Frequently Asked Questions

Why are the police involved?

The police act as Coroner's Officers. Although the officer may be in uniform, in this instance he/she will not be acting as a police officer (it is not always possible for an officer to be in plain clothes). A visit by the police should not make people think there is anything suspicious about the death. The purpose of the visit is to obtain the information that the Coroner needs to conduct their enquiries and to provide the correct personal information to the Registrar. You will be given a telephone number for the officer and will be able to ask them any questions you might have regarding a post-mortem or inquest.

What are the duties of a Coroner’s Officer?

  • To liaise with the family regarding the procedures involved in the conduct of the Coroner's inquiry.
  • To contact the Coroner on your behalf if you so wish and to guide you through the time leading up to an Inquest if one is necessary.

What happens if someone dies in Scotland or abroad?

When the body of the deceased arrives within the County, the Coroner's jurisdiction arises and the death is then treated in exactly the same way as if the death had occurred here, rather than abroad. The only difference is that the Death Certificate will be issued in the country where the death occurred rather than by the Registrar here.

What happens if I wish to move the body of the deceased out of England and Wales?

The Coroner must give permission (an "Out of England Order") for a body to be moved out of England or Wales. This permission has to be obtained at least four days before the body is to be moved (although the Coroner may be able to give permission sooner) so that any necessary enquiries may be carried out. The Funeral Director will make all the necessary arrangements. Permission must be obtained whenever the funeral is to take place outside England or Wales. This procedure applies in all cases where the body is to be moved out of England or Wales, not just where a death was reported to the Coroner.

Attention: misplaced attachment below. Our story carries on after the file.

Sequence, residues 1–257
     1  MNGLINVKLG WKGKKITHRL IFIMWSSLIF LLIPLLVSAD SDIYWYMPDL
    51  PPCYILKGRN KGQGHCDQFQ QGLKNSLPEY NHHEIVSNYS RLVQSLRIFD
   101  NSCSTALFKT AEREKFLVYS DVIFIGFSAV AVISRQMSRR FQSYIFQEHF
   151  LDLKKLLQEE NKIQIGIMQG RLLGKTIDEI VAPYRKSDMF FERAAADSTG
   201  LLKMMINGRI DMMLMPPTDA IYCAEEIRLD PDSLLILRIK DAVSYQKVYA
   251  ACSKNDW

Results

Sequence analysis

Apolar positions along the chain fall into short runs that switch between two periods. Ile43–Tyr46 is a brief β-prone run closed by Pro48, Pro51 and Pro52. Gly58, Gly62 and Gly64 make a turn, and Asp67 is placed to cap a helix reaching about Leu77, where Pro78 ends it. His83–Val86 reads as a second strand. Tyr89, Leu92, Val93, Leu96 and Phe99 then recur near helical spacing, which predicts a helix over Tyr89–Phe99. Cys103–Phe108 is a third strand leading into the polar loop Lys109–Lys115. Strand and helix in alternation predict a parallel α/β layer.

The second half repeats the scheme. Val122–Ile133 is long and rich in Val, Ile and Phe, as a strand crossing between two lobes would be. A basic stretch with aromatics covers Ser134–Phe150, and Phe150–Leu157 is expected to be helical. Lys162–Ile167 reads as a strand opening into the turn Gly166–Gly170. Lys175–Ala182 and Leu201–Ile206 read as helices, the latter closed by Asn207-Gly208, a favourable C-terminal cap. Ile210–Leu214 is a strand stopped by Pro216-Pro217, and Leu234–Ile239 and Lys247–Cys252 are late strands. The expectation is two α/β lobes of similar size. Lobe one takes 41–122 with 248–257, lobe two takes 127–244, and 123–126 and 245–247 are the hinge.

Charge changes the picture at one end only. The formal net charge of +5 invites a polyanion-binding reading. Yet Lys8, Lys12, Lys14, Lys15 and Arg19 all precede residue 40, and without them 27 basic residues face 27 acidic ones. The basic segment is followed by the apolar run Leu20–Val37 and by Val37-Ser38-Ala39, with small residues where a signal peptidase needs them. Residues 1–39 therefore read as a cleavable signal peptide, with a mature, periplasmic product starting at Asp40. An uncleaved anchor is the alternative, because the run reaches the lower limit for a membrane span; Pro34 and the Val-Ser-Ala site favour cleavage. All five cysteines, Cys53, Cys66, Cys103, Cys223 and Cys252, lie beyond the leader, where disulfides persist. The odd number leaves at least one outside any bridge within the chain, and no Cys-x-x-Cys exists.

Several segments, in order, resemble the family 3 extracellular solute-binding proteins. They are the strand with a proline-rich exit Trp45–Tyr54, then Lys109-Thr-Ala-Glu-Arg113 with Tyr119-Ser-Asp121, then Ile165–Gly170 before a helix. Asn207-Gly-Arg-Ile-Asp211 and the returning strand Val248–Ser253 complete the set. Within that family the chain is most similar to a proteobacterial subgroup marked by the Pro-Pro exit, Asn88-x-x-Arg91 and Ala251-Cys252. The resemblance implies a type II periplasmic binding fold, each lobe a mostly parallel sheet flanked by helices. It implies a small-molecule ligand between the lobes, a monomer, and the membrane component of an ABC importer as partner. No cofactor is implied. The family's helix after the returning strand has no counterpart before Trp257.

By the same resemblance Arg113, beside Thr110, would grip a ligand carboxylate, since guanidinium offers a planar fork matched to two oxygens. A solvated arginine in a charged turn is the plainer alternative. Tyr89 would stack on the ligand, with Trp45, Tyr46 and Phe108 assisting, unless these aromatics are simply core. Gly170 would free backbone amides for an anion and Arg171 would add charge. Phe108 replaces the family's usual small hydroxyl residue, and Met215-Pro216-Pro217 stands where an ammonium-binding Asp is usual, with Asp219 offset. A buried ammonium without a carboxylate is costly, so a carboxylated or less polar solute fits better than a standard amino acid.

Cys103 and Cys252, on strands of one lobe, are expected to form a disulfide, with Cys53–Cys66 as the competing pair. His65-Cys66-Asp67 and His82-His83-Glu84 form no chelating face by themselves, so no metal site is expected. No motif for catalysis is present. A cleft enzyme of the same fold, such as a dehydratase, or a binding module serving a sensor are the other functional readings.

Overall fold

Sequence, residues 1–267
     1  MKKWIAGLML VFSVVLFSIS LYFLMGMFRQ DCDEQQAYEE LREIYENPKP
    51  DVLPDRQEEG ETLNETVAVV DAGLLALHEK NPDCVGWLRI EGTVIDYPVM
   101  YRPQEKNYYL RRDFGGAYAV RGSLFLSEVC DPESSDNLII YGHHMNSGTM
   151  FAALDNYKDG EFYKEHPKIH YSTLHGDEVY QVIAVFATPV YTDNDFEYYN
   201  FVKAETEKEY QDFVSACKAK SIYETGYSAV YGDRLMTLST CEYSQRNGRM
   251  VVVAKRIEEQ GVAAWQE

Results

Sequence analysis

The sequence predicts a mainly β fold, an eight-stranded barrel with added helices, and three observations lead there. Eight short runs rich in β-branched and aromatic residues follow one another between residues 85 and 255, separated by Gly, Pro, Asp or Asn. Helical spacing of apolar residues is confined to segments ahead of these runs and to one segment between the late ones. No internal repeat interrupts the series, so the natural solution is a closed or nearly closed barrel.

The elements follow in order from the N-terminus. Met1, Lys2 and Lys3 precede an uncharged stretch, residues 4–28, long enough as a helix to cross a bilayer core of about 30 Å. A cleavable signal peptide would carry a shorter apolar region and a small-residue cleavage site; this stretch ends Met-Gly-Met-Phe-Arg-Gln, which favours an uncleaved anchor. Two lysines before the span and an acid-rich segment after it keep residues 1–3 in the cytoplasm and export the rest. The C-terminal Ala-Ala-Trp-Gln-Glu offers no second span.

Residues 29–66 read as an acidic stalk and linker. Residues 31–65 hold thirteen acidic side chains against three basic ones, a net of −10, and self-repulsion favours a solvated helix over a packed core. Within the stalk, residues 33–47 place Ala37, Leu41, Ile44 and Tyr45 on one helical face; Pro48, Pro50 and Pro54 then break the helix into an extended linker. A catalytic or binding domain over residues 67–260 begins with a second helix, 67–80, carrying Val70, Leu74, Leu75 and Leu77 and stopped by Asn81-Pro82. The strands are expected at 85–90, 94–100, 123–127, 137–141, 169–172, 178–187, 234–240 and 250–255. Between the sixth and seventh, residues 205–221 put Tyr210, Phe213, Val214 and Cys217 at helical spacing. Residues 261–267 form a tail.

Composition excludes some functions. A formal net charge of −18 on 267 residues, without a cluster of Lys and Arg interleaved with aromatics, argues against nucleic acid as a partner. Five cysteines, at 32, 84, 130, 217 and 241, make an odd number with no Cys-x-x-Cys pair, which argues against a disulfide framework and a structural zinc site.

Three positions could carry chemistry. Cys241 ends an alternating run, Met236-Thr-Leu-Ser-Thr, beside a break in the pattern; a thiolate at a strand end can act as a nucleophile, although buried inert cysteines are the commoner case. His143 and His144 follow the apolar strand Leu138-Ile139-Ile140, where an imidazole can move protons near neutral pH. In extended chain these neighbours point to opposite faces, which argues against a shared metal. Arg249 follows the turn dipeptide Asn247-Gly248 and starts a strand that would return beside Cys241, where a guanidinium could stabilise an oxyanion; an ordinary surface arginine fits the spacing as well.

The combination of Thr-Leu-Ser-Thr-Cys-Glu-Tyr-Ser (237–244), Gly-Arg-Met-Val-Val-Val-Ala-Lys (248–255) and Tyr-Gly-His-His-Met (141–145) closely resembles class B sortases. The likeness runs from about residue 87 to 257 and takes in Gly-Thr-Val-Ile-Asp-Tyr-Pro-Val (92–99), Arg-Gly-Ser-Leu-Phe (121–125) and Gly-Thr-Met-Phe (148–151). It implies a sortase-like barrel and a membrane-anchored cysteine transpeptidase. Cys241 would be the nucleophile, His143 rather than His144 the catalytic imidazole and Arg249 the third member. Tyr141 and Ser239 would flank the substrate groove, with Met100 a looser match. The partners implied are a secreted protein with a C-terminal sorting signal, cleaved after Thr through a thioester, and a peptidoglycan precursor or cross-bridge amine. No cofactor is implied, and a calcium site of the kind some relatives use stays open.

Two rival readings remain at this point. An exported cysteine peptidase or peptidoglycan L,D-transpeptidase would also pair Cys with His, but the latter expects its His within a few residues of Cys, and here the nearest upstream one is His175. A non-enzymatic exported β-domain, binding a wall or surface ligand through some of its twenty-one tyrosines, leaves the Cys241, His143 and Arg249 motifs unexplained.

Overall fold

What if the deceased dies unexpectedly in hospital?

If the death occurs in hospital and the cause of death is unknown, the Coroner will arrange for the postmortem examination to be carried out by a pathologist other than one employed at or connected with that hospital, if a relative asks the Coroner to do so and if it does not cause an undue delay.

Why is the Coroner Involved?

The Coroner has a duty to investigate and record the details of any sudden death where the cause is not known, violent or unnatural deaths and any deaths whilst the deceased was in lawful custody. A death may be reported for a number of reasons. It does not mean that there is anything suspicious about the death, it may be that the Doctor is unsure of the exact cause or that the person has died earlier than expected, suffered from an industrial disease, died during a surgical operation, or before recovery from an anaesthetic. When a death is reported to the Coroner (s)he may:

  • be satisfied by the doctor as to the cause of death and proceed no further
  • decide to carry out a post-mortem, and on the results of that examination decide not to hold an inquest
  • hold an inquest after a post-mortem examination
  • hold an inquest without a post-mortem if the deceased was known to have died from a previously diagnosed industrial disease e.g. Mesothelioma

What is a post-mortem?

This is an examination to determine the medical cause of death. In some cases organs or tissue samples may be retained for further investigation. The post-mortem will be carried out by a consultant pathologist (when a young child dies a paediatric pathologist will carry out the examination).

What is a post-mortem?

This is an examination to determine the medical cause of death. In some cases organs or tissue samples may be retained for further investigation. The post-mortem will be carried out by a consultant pathologist (when a young child dies a paediatric pathologist will carry out the examination).